President Obama drinks water in crisis-hit Flint
President Barack Obama has sipped a glass of filtered water on a visit to the Michigan city of Flint, which has been wracked by a public health crisis.
He took a drink of the city's filtered water to "show it was safe".
The visit was prompted by a letter the president received from eight-year-old resident Amariyanna Copeny.
A change in water supplier in 2014 sparked the crisis, with nearly 100,000 people exposed to high levels of lead, sparking an outcry.
Mr Obama declared a state of emergency for the city in January and ordered federal aid for the crisis.
"Filtered water is safe, and it works," he said during a discussion with officials in Flint.
"Working with the state and the city, filters are now available for everyone in the city."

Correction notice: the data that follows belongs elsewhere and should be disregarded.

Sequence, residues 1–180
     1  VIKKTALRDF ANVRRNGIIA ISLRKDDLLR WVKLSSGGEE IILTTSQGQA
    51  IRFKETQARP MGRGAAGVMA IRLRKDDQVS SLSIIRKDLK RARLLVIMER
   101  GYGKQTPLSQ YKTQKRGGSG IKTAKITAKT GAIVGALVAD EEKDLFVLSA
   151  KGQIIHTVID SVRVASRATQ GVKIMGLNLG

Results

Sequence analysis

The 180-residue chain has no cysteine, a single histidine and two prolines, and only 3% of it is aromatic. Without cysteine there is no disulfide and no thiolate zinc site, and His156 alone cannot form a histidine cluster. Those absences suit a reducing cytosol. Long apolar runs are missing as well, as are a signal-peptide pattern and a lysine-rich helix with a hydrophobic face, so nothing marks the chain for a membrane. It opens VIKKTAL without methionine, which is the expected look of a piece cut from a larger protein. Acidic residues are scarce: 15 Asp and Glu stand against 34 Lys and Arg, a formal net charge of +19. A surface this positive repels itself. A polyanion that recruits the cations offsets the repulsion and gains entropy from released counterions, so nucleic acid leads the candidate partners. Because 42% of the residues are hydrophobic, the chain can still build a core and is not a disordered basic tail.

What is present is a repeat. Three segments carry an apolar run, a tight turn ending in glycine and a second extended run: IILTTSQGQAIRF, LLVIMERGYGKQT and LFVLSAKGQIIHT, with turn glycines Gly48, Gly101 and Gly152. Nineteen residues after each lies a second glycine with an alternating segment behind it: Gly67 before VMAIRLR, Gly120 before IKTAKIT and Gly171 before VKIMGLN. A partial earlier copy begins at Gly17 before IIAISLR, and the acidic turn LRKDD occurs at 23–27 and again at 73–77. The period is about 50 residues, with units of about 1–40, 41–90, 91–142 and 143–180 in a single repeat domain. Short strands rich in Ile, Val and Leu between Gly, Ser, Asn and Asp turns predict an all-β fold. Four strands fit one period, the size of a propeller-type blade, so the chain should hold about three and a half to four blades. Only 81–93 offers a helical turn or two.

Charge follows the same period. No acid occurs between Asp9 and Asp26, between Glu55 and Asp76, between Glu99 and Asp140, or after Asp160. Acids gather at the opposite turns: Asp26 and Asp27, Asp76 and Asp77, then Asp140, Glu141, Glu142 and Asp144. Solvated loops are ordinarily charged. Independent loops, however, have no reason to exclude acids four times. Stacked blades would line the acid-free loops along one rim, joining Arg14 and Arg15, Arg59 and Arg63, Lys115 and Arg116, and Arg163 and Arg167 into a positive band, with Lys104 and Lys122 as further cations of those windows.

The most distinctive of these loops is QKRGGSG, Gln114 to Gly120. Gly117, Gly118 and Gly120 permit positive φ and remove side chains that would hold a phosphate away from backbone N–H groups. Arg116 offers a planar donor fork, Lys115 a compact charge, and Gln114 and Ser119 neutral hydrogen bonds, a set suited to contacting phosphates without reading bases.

More than 40% of Flint residents are impoverished and more than half are black.
Residents must use faucet filters or bottled water as a result of the crisis.
Michigan Governor Rick Snyder has been criticised for his handling of it and two state employees in the environmental department have been charged with misleading the US government about the problem.
And a Flint employee is being charged with altering water test results.
Mr Snyder was booed at a high school where Mr Obama later addressed hundreds of people.
"I understand why you are angry and frustrated. I want to come here today to apologise," Mr Obama said.
Protesters gathering near the school are chanting "Flint lives matter", arguing that state officials' response to the water situation was not enough.
The Michigan Senate approved $128m (£88m) in aid for Flint on Wednesday.
Some of that money will go towards replacing lead pipes connecting water to customers.